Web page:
• The Hate U Give by Angie Thomas - I had seen that some of my friends had read this book recently so scooped it up once it was available at the library. It is rather thick, so I was worried it would take me a while to get through, but I legit couldn't put it down. It was so good! The story is honest, tragic and necessary. I appreciate that it is written for a younger audience, because it seems that the young folks are those who are willing to stand up and make a difference! Not only do I hope everyone reads this book, I hope it has a lasting impact and we DO SOMETHING! It's not enough to get mad, post on social media and then move on with life... WE MUST MAKE A CHANGE! Thank you to the author who had the courage to write this book, for the people who are willing to enter into a dialogue and attempt to fix the system that has been broken for way too long, and for everyone who gets involved, joins a movement and demands better. I would give it a 10 out of 10.

  • Sixty Meters to Anywhere by Brendan Leonard - I read two of Brendan's books already this year (the hubby really enjoys him as a writer and this happens to be one of his recent favorite books), so I figured I'd grab the last one of his we had laying around the house. The memoir recounts Brendan's life prior to finding his passion for rock climbing (including two DUI's, substance abuse treatment and a stint in jail, all before the age of 24) to how a gift from his brother of sixty meters of climbing rope changed his life and gave him confidence, a purpose and an identity (I was going to include a "healthy outlet", but I don't know that everyone would consider the death-defying act of scaling walls of granite as 'healthy'). I would say the hubby definitely loves this book more than I do, but that's probably because he is a climber and I'm not. Even still, it is real, redemptive and kept me reading. I finished the entire thing in an afternoon. I would give it a 7 out of 10.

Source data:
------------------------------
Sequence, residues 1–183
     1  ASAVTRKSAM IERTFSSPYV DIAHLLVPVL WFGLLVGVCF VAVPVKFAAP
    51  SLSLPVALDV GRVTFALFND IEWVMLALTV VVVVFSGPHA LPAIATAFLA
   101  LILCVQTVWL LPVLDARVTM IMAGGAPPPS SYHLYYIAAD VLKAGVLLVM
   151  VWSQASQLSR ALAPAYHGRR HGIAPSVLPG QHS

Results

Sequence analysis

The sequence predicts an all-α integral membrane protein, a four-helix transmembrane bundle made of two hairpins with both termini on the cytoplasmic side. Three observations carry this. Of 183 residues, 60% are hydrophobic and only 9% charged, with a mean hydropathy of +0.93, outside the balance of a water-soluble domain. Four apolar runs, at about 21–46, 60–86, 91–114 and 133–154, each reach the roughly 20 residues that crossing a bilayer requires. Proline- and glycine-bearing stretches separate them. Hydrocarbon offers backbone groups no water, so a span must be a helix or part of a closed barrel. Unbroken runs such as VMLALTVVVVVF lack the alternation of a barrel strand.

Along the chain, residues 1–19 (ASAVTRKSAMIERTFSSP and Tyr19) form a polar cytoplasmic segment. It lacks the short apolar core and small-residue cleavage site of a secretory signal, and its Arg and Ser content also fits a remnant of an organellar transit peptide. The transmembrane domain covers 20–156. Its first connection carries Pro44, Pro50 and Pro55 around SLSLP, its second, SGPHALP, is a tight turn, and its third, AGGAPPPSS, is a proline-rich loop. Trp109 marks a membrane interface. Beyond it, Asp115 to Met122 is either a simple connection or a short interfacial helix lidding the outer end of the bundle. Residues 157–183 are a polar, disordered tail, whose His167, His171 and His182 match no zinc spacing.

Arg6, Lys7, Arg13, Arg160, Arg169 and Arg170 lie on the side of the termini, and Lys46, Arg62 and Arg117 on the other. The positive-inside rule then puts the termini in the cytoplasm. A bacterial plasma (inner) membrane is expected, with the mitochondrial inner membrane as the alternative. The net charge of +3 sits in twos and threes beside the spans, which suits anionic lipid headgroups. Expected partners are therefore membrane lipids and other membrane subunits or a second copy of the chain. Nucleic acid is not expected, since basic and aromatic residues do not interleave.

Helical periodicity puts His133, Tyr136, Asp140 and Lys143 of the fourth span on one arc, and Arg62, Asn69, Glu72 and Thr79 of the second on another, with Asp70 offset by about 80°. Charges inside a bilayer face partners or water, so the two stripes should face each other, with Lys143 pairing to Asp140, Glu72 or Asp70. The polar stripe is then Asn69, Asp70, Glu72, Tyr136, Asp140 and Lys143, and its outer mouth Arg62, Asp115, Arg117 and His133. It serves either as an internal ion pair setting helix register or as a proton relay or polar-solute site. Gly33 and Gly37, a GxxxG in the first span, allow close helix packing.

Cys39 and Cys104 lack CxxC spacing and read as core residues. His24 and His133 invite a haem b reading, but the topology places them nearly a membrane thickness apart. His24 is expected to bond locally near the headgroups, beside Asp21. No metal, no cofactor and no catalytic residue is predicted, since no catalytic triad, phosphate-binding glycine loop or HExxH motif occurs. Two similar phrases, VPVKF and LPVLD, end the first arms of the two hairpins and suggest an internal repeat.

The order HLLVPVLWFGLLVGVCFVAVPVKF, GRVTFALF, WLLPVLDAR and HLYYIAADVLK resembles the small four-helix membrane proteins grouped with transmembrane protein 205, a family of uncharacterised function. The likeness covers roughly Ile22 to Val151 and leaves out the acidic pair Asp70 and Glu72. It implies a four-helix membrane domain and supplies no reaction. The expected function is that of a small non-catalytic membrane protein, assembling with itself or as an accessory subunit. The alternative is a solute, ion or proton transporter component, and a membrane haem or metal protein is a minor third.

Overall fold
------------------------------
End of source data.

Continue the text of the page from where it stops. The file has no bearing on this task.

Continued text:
• Bossypants by Tina Fey - I felt like I needed just some good, quality entertainment so I picked up Tina Fey's book from the library (sometimes you just need a good laugh, #AmIRightOrAmIRight?!). As I expected, it made me chuckle. She doesn't take herself too seriously and seems truly grateful for the life she is currently living. Although I've never watched 30Rock, I have always loved Saturday Night Live and hearing about some of the behind the scenes made me smile (those comedians/ actors are pretty amazeballs and I am always in awe of their talent). For what it was, I think it served its purpose - it definitely kept me entertained. I saw this term before and think it fit perfectly "junk food for the mind." I would give it a 7 out of 10.